CONTACT: PETER ALEXANDER
100 Old Public Library
Iowa City IA 52242
(319) 384-0072; fax (319) 384-0024
Release: Nov. 1, 1999
Johnson County Landmark premieres new suite by director
IOWA CITY, Iowa -- Re-worked standards, classic ballads
and the premiere of a new suite are on the program for Johnson County Landmark,
the top big band in the University of Iowa jazz program, when it presents
a free concert at 8 p.m. Saturday, Nov. 13 in Clapp Recital Hall on the UI
The concert features three arrangements by veteran
jazz composer/arranger Bill Holman and closes with the first performance of
the suite "Daydreams from the Prairie," a three-movement work by
director John Rapson.
A major ensemble in the UI School of Music jazz program,
Johnson County Landmark (JCL) is a repertory ensemble devoted to the performance
of original compositions by jazz masters. JCL has the standard big-band instrumentation,
with full sections of reed, brass and rhythm instruments. It is made up largely
of students in the UI School of Music majoring in performance or in the jazz
The Nov. 13 program features three arrangements by
Holman, whose career first came to prominence in the '50s with Stan Kenton
and Maynard Ferguson. "Just Friends" comes from "The Bill Holman
Band," an album recorded in 1988. The most unusual trait of the piece
is a long, tour-de-force "solo" performed in unison by the entire
band. "Yesterdays" is a ballad that first appeared in the mid-50s
on a Kenton album titled "Contemporary Concepts." And "The
Peacocks" is a ballad by Jimmy Rowles made famous first by Bill Evans,
a legendary figure of jazz piano.
Other standards on the program will be "Pootin
It," a classic, slow-swing number written by saxophonist Eric
Dixon in the Count Basie tradition; "The First Circle," a composition
by guitarist Pat Metheny and keyboardist Lyle Mays that blends a relaxed,
contemporary sound with dynamic and tricky rhythms; "All of Me,"
an old standard from the 20s that will be played in a modern arrangement
by Thad Jones; and "Black, Brown and Beautiful," a ballad by Oliver
Rapsons "Daydreams from the Prairie"
started as a commission by Augustana College and grew into three movements,
or daydreams: "Tulip Jive Dance," "The Book of Ruth" and
"Aba Kwa Drive."
"Tulip Jive Dance" is a movement that combines
different popular rhythms from the Caribbean in a contrapuntal texture --
that is, one of simultaneous melodies, an uncommon device in jazz writing.
The title is derived by an image of Rapsons teenage daughter Clara,
"The Book of Ruth" has a number of referents:
the biblical story, a book of the same title by Jane Hamilton and an improvising
strategy by the composer Ruth Crawford Seeger. It is an ethereal work that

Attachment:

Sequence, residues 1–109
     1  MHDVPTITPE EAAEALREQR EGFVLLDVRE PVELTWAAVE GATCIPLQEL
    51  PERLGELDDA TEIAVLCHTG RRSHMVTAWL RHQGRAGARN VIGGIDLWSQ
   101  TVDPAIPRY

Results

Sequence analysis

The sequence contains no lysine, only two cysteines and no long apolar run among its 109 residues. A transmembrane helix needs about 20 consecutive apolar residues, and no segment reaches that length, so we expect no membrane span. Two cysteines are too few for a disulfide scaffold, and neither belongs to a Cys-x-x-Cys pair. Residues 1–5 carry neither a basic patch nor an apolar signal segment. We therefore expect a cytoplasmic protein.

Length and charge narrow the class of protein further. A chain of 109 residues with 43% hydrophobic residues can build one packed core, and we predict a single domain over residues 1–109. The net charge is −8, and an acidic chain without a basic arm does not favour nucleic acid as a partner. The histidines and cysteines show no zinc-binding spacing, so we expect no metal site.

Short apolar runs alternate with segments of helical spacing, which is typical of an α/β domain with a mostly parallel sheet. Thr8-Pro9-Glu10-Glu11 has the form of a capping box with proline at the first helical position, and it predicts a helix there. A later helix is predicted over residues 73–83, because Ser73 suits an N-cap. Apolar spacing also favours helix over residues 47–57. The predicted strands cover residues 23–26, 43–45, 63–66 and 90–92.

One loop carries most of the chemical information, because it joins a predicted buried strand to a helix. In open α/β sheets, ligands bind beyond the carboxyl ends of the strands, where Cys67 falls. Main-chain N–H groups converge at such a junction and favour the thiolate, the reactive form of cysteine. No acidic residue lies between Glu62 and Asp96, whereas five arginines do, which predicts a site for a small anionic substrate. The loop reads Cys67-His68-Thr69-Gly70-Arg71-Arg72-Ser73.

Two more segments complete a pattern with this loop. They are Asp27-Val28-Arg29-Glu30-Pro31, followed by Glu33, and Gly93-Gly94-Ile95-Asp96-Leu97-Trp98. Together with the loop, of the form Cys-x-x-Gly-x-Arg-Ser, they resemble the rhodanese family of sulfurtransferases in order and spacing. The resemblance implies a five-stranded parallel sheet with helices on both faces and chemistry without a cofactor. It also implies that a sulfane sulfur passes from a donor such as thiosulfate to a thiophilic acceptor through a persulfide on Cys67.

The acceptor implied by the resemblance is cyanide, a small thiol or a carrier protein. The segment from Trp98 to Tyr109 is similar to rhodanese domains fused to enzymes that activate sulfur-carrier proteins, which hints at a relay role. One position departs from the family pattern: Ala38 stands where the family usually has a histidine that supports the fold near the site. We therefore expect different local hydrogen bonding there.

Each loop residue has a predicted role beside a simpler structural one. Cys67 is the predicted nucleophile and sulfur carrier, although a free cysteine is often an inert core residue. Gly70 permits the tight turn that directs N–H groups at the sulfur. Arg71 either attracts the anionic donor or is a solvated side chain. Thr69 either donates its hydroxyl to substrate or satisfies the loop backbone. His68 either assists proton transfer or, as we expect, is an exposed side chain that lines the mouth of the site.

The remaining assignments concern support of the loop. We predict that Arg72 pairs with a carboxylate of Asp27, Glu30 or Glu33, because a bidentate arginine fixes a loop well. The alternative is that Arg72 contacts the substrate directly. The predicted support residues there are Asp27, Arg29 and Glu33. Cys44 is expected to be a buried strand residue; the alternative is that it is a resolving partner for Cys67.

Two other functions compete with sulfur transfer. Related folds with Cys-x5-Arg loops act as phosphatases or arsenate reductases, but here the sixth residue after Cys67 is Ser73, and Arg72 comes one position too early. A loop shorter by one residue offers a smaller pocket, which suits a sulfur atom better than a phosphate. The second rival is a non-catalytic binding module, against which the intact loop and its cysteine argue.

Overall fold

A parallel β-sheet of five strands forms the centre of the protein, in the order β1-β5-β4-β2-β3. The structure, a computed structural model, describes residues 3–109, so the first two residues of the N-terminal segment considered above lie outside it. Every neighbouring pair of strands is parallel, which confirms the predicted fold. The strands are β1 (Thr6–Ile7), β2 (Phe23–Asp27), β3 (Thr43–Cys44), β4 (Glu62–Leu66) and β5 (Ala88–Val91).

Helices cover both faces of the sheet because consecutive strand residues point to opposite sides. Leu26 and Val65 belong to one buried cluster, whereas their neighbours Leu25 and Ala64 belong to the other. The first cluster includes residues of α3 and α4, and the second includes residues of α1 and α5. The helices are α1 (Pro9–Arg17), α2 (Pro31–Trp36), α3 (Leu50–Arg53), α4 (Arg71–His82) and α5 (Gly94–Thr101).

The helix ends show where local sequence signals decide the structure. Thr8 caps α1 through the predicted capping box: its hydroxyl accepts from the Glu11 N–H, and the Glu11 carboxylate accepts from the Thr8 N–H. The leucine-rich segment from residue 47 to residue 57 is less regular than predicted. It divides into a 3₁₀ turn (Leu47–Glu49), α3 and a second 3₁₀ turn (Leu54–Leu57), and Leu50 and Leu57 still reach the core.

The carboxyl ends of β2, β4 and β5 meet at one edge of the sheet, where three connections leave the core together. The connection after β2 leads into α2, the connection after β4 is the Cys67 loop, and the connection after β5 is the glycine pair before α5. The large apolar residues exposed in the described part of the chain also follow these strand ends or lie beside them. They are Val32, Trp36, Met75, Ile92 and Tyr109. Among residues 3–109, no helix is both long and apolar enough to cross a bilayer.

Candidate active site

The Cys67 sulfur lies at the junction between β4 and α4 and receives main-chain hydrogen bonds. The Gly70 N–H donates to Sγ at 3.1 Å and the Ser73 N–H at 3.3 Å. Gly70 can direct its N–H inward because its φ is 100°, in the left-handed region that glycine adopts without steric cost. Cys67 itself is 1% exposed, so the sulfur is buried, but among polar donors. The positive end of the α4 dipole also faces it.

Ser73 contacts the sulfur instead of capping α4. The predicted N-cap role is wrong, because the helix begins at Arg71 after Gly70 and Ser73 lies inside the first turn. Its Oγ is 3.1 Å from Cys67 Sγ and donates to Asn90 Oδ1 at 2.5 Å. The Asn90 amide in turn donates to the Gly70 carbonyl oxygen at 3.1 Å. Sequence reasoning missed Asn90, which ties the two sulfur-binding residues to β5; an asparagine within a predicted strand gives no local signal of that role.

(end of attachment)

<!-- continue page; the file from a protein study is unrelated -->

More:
features JCLs bassist, Wes Phillips.
The final movement, originally the Augustana commission,
is an aggressive vehicle for saxophonist Mike Giles. It blends two rhythmic
traditions -- "aba kwa" and "bembe" -- from Cuba. The
entire work incorporates a large percussion section and requires the saxophone
section to double on other instruments such as flute and clarinet in an expansive
Johnson County Landmark has been performing at the
UI since the 1960s. The group has traveled to jazz festivals in the United
States and Europe, picking up awards on both sides of the Atlantic. The group
was selected the best band in its class at the 25th annual Wichita Jazz Festival
in 1991, and in 1994 members of the group took top awards in the International
Trumpet Guilds Jazz Competition and the Jazz Composition Competition
sponsored by California State University at San Diego.
The groups most recent recording, "A Mingus
Among Us," was described as "over 70 minutes of sweet, sophisticated
jazz classics" in ICON magazine, and River Cities Reader commented that
"JCL, the top big band for the University of Iowa School of Music, captures
the power of Mingus music wonderfully."
JCL tours throughout the Midwest. In addition to its
free concerts on the UI campus, JCL makes frequent appearances at clubs in
Iowa City. It is one of 11 ensembles in the jazz program of the UI School
of Music. Among them, these diverse ensembles range from combos to big bands
and differs in stylistic formats from experimental compositions to traditional
Rapson joined the faculty of the UI School of Music
as director of jazz studies in 1993. A recording artist for the Sound Aspects
and Nine Winds labels, he is a composer and trombonist whose work mixes ethnic
and experimental elements with more conventional jazz forms. His recent experimental
jazz recording "Dances and Orations" has been hailed as "one
of the most vital CDs to come around in a long time" in Jazziz and as
"a conceptual and musical triumph" by Josef Woodard in the Independent.
The CD scored 10 out of 10 for artistic merit in Grammophone magazines
"Good CD Guide" for jazz recordings, which also called it "beautiful
Previous albums under Rapsons direction are
"Bing" for Sound Aspects, and "Buwah" and "Deeba
dah bwee" for Nine Winds. He has also recorded "A Mingus Among Us"
and "Been There, Done That" with Johnson County Landmark.